Again, 'No', it doesn't. It only eliminates the hypothesis that the creature is an escaped tiger from that zoo. This does not eliminate the hypothesis that the creature is a tiger from other sources, perhaps animal smuggling. On second thought, this also doesn't eliminate that the record from the zoo is incorrect. But for now let us assume that the zoo record is genuine.

The investigators then discovered that there is a record of an escaped lion. The lion escaped 7 days before the incident where I encountered the creature. The investigators would now have to consult a lion expert to find out whether an escaped lion from the zoo is likely to find its way to that jungle and how long it would take to get there. If it takes less then 7 days for the lion to reach the jungle this hypothesis still stands. Whereas if it takes more than 7 days, this hypothesis fails. To put this story to an end let us say the creature turned out to be that escaped lion and that the investigators have discovered that part of my ripped clothes were in the possession of that lion.

Now, let us restart the story all over again from where the investigators were hired. Let us say that instead of developing the 'dog' and the 'tiger' hypothesis, the first and only 'hypothesis' the came up with was that the creature is a bigfoot. This was then seconded by another member of the team, then a third. Out of anonymous decision and without further ado they pronounced the mystery solved and case closed. The creature was a bigfoot, they concluded.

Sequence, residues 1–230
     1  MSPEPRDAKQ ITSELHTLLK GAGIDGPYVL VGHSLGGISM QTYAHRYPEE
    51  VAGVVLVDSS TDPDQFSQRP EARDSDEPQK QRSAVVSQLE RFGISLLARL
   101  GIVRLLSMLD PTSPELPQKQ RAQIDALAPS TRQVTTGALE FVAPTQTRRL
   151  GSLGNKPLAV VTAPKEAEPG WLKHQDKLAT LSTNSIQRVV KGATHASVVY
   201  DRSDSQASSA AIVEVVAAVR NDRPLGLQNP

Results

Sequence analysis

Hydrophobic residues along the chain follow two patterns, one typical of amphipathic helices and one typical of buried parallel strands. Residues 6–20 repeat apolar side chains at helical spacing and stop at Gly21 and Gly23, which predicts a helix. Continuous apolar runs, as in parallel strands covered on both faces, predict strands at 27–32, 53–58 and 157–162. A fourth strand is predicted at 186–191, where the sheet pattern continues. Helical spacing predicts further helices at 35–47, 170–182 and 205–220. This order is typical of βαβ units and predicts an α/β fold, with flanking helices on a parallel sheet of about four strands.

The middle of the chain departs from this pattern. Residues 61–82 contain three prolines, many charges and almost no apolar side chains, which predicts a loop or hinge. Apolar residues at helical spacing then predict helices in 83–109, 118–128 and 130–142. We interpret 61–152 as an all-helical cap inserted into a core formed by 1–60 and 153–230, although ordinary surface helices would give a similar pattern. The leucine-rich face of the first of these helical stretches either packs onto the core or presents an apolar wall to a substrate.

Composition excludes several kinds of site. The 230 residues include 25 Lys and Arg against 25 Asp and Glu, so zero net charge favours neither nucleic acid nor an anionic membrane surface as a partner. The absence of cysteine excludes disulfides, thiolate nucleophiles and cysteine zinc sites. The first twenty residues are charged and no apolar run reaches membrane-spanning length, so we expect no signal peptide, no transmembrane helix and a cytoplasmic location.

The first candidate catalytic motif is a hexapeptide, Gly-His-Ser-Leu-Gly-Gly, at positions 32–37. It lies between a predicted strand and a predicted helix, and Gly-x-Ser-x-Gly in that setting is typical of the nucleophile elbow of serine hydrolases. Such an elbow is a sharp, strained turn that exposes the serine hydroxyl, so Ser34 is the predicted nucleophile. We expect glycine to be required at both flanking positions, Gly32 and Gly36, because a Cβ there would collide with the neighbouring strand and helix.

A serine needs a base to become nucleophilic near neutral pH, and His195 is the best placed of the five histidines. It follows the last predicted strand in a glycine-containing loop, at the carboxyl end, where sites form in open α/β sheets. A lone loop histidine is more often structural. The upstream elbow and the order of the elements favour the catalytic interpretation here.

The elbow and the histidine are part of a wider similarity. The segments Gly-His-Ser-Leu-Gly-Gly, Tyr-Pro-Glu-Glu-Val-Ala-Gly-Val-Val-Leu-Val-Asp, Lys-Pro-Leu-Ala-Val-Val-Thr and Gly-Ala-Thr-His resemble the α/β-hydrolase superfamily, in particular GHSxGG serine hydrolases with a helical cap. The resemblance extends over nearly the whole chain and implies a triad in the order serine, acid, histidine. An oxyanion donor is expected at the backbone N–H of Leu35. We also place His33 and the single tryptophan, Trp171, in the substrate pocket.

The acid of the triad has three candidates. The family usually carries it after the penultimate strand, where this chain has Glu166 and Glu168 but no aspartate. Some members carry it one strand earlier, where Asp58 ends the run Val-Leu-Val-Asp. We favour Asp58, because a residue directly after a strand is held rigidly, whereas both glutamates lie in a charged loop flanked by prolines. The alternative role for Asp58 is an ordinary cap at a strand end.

Obviously, this is ridiculous. Apart from that fact, not only were they not bothered to place their 'hypothesis' to the test, they did not even bother to identify whether it is a hypothesis or a conjecture, or whether the properties of their speculation were definitive and measurable, which in this case they weren't. We can't obtain a specimen of bigfoot to put it to the test since we never caught one, hence bigfoot is an arbitrary concept. The speculation isn't hypothesis. It is a conjecture.

Even if bigfoot was a definitive and measurable property, and the speculation is a testable hypothesis. The method of how the investigators come to consensus is simply unreasonable and irrational. This isn't a reliable method to use as a source of information to confirm the credibility of one's conclusion of the incident even if the conclusion just so happen to be correct.

Though one may think that this second retelling of this investigation is ridiculous, this happens every now and then in casual conversations within many communities. When a group of people witness someone experiences mysterious symptoms upon his stay at an alleged haunted house, or when a friend claims to see things that other don't see, or perhaps when oneself see things which others don't see, it is very common for that entire group to mutually agree and conclude on single explanation without any process of investigation with a generic and arbitrary term, 'ghosts', often speaking of their conclusions as if they are as credible as proven factual information.